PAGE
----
There's nothing wrong with skill or making informed decisions. My favorite genres are RPG and turn-based strategy, so I spend a lot of time pondering ideal moves (and getting them completely wrong). I also enjoy plenty of action games that challenge my ability to react efficiently in shifting circumstances.
But sometimes I just want to zone out and see what happens when my inner moron takes over. It's surprisingly rare for games to allow that, and even more rare for them to encourage it.
Enter two dumbass-friendly games that came out this month.
How do I describe this battledome of botched lunges... Okay, I think I've got it. There are these monster muppet people with googly eyes. They stumble around and poke each other with swords until one explodes in goopy gibs. Then the reincarnated ghost of the loser employs a flurry of frenzied stabbing to keep its opponent from jumping into the maw of a nightmare worm.
Pretty straightforward stuff.
Oh, and occasionally both opponents stall the match as long as possible so they can hear the background music track in its entirety.
In any other game, a player holding a bow really only has a few options. Shoot the bow at an enemy. Shoot the bow at a red barrel. Collect enough bow shards to upgrade the bow.
Nidhogg 2 presents another, dumber option: Why not throw the whole dang bow at your enemy? It will sail through the air more slowly than an arrow. It will do less damage. But you know what? It will feel great, and if your opponent hesitates you might just be able to jump over their head and run away.
At its heart, Nidhogg 2 is about frantically trying to outthink and outmaneuver your enemy, then jumping directly into a meat grinder. If you're not spending half of every match regretting a move then laughing at its outcome, you're playing it wrong.
West of Loathing
Before starting any RPG I spend hours researching the classes, squinting at competing Wikis to read up on every talent, skill, and build. I read up on the armor options available to my chosen class to find out if my fashion options will be acceptable. I try to imagine what the playstyle of each class feels like, and whether it will start off fun or only come into its own as I approach the endgame.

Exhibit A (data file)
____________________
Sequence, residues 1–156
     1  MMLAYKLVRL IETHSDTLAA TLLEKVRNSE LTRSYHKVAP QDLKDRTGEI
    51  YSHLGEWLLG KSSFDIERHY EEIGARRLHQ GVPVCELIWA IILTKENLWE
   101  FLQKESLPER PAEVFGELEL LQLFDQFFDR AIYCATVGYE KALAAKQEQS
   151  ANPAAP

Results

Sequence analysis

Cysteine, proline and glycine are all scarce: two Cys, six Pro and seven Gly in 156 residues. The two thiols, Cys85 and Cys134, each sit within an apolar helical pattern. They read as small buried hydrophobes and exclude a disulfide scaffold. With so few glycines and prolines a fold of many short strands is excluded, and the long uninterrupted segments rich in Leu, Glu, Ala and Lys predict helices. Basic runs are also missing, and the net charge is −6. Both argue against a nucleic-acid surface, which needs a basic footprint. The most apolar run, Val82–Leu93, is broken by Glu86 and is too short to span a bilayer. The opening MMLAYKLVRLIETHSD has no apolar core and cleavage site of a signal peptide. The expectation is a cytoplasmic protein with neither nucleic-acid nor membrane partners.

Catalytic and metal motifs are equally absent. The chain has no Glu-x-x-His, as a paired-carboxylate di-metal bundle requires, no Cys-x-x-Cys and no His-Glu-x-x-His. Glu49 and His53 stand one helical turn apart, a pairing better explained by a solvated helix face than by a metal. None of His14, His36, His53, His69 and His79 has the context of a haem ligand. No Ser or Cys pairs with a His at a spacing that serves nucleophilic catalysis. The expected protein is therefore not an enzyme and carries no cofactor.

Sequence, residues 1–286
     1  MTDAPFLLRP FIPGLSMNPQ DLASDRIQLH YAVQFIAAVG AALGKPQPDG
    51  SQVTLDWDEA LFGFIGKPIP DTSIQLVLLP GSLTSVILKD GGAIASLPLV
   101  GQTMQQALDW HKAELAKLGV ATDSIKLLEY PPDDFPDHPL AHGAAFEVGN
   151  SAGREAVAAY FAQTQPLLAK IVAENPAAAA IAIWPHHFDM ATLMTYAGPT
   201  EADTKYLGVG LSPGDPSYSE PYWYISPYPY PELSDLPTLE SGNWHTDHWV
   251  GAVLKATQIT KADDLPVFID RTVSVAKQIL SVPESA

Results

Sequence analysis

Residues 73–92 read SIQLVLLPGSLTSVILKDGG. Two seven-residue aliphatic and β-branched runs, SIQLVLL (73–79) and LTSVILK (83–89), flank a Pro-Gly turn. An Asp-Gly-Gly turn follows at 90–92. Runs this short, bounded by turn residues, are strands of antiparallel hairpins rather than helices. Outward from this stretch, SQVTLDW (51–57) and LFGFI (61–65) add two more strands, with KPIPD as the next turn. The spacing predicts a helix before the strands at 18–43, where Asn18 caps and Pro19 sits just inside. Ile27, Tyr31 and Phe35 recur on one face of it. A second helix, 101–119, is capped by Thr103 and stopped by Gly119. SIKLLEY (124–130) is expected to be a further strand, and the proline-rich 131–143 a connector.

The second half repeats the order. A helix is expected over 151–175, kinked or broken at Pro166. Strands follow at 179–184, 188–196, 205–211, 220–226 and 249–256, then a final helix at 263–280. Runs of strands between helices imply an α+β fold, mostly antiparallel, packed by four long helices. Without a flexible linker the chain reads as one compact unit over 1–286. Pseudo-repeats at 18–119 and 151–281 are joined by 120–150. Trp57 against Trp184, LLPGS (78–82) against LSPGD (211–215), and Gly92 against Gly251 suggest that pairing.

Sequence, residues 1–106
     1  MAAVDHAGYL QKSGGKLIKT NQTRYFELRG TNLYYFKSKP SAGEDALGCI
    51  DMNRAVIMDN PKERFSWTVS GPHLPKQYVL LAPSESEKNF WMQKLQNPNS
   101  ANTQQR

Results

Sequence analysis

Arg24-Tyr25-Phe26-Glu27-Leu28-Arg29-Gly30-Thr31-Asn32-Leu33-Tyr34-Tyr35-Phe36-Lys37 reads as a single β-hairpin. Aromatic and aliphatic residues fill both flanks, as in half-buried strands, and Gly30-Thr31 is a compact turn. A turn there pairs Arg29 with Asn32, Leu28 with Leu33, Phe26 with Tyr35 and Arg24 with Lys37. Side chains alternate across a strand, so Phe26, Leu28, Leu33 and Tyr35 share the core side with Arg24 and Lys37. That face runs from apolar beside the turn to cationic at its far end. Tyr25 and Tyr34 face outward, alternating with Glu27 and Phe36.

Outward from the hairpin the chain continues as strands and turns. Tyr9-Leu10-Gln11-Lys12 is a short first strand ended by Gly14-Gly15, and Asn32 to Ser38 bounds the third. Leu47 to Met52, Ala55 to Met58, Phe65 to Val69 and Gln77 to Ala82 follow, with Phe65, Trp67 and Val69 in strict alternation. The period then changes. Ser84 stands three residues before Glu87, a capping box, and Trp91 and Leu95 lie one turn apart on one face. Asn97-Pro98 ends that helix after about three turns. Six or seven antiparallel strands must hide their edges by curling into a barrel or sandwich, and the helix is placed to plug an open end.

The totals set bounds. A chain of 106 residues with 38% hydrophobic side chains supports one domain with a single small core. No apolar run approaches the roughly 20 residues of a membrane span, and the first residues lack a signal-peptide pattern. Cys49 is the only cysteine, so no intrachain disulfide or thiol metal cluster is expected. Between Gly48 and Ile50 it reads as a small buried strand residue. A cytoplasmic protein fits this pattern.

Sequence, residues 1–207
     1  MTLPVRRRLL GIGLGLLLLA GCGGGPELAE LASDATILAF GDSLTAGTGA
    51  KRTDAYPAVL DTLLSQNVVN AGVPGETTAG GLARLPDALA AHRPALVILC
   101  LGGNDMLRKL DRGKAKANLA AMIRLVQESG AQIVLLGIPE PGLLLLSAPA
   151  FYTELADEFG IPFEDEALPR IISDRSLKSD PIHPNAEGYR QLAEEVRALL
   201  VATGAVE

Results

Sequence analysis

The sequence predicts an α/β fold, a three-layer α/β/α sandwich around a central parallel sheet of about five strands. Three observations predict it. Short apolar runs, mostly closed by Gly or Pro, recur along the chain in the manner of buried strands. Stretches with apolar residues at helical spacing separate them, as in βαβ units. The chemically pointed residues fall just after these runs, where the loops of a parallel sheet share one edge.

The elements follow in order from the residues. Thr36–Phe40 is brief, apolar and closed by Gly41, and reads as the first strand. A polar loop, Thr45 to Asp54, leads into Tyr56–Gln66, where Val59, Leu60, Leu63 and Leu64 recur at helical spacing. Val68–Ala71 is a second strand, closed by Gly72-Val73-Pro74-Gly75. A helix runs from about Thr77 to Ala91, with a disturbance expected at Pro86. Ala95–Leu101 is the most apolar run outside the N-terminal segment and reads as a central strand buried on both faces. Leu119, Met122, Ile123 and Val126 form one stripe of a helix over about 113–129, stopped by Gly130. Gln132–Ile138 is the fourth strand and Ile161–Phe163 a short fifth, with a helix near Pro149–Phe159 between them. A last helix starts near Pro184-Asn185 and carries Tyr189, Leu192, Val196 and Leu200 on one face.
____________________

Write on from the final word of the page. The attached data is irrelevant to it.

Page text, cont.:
In West of Loathing I just started the game and picked the Beanslinger class, because bean magic sounded sort of goofy. And I haven't had a moment of regret.
This is a deceptively laid back game. Every corner of West of Loathing is crammed with silly jokes, yet nothing feels forced. Most quest solutions feel like natural extensions of your doofus character's personality. You can simply make selfish decisions based on little to no consideration and everything will work out, more or less.
Even the simple act of walking around can be dumb as heck. I have made it my mission to step directly into every single cactus and pile of dung in my path, and have been presented with dozens of appropriately distraught exclamations for my efforts. As in real life, I shove my hand in every suspicious hole I find. Sometimes this pays off in the form of hidden loot. Sometimes it pays off in the form of a self-questioning inner monologue that's more rewarding than any magical ring.
Well, maybe not the Nasty Ring. It's... pretty nasty.
While buying both Nidhogg 2 and West of Loathing for a combined $25 is technically a very smart move on your part, I promise that you'll be able to turn off your brain as soon as they're installed.
The path to victory is paved in the neon blood of my enemy and also my own blood... okay, mostly my blood. 8/10
West of Loathing
The horse with crazy eyes is better-written than anyone in Mass Effect Andromeda. 8/10
Agents of Mayhem
Not quite Saints Row, not a multiplayer game as it appeared to be, and somehow not as bad or good as you'd think. 6/10
Uncharted: The Lost Legacy
Really my only gripe is that Claudia Black doesn't portray every character in the game. 8/10
Madden NFL 18
The story mode is a pleasant surprise, but the Telltale-style "Concussed player won't remember that" messages struck me as being in poor taste. 7/10
While designing this space, I imagined David Fincher being forced to recreate the music video for Nine Inch Nails' Closer in a haunted gas station bathroom.
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